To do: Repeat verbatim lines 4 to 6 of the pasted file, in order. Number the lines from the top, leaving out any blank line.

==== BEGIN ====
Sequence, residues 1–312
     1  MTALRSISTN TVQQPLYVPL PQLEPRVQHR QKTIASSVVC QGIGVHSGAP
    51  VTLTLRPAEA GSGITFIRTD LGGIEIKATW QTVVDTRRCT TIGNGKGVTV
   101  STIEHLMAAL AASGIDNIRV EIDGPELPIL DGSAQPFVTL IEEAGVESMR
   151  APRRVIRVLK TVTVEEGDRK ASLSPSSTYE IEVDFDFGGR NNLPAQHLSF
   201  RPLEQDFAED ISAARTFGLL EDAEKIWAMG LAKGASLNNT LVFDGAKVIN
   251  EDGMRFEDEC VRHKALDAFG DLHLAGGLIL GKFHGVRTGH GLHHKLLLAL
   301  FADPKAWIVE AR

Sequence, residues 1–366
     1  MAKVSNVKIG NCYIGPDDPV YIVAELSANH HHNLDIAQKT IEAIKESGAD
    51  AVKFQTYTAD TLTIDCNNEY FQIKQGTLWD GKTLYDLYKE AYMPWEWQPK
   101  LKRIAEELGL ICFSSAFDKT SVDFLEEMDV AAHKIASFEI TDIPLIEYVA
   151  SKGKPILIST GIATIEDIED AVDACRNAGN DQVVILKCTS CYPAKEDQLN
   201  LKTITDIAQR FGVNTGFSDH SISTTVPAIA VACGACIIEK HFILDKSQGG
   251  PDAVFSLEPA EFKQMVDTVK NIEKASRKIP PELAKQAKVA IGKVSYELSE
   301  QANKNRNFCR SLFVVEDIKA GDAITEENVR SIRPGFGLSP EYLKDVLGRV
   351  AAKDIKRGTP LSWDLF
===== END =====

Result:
   101  STIEHLMAAL AASGIDNIRV EIDGPELPIL DGSAQPFVTL IEEAGVESMR
   151  APRRVIRVLK TVTVEEGDRK ASLSPSSTYE IEVDFDFGGR NNLPAQHLSF
   201  RPLEQDFAED ISAARTFGLL EDAEKIWAMG LAKGASLNNT LVFDGAKVIN